Backpacking Line

It was a memorable moment, the solution to the problem being the exact opposite from what our young minds had imagined.  In order to “leave no trace” we had to disperse, each taking our own way across the field until we met a path on the other side.

I was thinking about this lesson the other day, in the context of women who have come and gone through the Thai camp where I train.  I’m not the first woman to train at the camp long-term, but I appear to the first to train the way I train.  When I first arrived at the camp there was another woman who had been there for a little under two years (we overlapped for about 6 months).  She clearly trained hard, running, skipping rope and hitting the bag and pads with practiced experience.  While she wasn’t there every day, when she was there she was training hard.  But she never clinched and never sparred, I suspected because she felt she wasn’t “good” at them and therefore made her feel uncomfortable.  It’s hard to want to do things that you’re bad at; it’s much easier and feels better to do the things you’re great at.  And that’s her prerogative as an individual, acting on her own motivations and toward her own goals.  But it is also a fact that her acceptance of being left out of clinching and sparring made it harder for me to be included in those activities myself.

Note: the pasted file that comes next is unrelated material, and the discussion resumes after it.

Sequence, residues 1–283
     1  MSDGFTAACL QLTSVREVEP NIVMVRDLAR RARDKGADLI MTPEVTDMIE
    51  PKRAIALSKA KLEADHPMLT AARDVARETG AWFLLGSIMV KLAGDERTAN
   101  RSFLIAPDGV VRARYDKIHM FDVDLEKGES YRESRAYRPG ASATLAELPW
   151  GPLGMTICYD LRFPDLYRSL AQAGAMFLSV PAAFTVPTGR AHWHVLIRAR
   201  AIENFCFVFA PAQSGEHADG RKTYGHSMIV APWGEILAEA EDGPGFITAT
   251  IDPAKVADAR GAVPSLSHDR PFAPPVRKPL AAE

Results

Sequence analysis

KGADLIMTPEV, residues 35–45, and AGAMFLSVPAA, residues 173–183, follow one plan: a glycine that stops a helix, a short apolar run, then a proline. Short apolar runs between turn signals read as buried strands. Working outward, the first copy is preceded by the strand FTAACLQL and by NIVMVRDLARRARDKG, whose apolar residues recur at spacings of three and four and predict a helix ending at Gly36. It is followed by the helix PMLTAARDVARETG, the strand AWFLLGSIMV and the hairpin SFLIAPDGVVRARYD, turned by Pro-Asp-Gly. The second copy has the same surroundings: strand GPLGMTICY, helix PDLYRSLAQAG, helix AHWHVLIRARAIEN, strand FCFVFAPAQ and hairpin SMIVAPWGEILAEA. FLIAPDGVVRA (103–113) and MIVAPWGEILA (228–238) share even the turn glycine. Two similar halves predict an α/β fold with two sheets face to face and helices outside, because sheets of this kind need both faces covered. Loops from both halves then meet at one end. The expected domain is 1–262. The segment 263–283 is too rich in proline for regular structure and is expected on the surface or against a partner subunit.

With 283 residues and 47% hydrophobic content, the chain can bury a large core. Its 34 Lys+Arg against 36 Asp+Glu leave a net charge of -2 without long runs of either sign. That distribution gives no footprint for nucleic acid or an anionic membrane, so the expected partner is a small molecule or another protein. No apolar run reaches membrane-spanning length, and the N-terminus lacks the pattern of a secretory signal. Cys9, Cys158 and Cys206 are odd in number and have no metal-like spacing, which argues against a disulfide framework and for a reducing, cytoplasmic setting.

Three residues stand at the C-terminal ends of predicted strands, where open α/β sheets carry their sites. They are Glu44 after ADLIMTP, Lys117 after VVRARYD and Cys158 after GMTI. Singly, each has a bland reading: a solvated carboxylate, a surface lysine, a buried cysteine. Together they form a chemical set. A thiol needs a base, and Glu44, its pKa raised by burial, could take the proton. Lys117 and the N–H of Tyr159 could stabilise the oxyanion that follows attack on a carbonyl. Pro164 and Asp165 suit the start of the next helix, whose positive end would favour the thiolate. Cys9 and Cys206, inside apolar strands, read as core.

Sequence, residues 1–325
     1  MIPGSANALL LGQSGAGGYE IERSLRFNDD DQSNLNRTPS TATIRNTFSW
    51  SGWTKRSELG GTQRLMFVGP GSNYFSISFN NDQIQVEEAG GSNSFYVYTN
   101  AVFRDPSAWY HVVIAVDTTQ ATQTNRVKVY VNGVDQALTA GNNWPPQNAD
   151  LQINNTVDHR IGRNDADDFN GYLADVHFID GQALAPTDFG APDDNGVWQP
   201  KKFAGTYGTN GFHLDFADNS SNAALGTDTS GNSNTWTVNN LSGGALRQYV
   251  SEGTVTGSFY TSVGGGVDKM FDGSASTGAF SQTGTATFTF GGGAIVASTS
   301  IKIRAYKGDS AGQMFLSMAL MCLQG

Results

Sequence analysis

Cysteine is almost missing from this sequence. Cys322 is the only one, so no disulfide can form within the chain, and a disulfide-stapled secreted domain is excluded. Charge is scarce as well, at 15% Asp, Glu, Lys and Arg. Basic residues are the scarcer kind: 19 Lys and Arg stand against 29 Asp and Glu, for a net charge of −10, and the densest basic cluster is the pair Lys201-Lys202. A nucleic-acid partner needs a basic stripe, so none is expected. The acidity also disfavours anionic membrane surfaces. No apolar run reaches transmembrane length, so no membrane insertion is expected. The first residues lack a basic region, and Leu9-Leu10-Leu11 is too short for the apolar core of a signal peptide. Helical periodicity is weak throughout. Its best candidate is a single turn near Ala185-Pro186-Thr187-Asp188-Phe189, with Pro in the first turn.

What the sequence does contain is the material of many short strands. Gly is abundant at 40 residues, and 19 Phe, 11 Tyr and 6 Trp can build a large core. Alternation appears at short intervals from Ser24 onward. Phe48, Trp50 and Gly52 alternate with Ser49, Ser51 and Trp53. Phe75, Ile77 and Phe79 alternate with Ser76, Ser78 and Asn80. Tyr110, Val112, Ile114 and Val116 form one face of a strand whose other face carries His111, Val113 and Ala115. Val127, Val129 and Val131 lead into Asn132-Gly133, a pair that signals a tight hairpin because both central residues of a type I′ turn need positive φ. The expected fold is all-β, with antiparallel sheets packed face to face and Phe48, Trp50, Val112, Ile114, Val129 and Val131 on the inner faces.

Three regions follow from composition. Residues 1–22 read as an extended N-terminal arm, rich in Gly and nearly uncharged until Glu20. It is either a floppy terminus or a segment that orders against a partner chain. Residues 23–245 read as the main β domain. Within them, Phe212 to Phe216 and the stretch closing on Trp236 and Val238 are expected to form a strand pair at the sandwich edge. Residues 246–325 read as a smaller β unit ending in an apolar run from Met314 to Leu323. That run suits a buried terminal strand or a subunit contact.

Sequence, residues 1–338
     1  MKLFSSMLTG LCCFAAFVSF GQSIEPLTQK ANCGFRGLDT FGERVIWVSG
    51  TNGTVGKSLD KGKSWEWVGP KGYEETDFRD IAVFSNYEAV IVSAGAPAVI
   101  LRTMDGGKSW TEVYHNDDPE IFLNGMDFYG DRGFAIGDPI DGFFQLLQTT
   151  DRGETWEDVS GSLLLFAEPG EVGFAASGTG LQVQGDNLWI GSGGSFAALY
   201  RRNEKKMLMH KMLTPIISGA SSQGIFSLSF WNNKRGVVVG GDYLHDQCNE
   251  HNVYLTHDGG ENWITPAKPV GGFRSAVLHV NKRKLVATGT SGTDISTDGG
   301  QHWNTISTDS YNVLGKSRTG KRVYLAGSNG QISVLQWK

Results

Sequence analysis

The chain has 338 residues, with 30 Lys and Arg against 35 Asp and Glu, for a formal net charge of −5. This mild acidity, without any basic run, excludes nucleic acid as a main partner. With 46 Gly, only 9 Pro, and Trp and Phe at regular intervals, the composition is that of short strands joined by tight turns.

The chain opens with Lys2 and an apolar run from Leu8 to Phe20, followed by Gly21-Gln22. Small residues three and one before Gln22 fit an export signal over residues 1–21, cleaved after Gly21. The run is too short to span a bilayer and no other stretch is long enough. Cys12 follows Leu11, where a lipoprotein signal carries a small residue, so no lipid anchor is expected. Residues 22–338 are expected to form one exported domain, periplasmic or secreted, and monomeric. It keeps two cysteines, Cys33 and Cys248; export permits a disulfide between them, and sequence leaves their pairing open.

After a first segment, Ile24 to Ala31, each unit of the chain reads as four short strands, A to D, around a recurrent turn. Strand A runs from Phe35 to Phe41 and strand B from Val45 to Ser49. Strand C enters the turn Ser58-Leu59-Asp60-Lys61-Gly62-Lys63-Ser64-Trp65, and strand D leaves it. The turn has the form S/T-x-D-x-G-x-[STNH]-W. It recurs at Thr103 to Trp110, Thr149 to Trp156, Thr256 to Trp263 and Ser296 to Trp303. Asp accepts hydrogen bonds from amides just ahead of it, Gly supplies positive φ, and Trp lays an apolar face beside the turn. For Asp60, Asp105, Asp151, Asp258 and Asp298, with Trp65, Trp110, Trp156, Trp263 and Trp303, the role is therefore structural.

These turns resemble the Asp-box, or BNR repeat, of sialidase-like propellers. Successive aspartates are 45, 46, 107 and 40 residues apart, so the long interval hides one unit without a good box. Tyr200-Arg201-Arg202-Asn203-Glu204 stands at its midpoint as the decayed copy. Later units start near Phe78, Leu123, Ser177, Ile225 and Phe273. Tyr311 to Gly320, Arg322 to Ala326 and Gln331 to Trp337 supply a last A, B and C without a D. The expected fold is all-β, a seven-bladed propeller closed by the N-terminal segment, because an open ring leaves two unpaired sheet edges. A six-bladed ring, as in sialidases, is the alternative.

Why is that?  It’s not her fault by any means – she’s not choosing to be the example by which other women will be either included or excluded from activities, but the fact of the matter is that her choices (or passivity to choices being made by trainers or other fighters) have a strong effect on every other woman who comes into the gym.  This is partly due to the fact that women are already “outsiders” in Thai gyms – because it’s a male space and a male sport, but also because we are universally the minority and the exception and therefore how we are treated or to what degree we are included is very much based on precedent.  I see this every day in the “men’s ring” at Lanna: men who have little experience in training and/or no interest in serious training or fighting are included in clinching and sparring simply for the sake of being male, because of a long precedent of men clinching and sparring, it has become habitual.  Women, on the other hand, are left out because other women have not participated (either elective or through neglect) and we’re all just following the routine.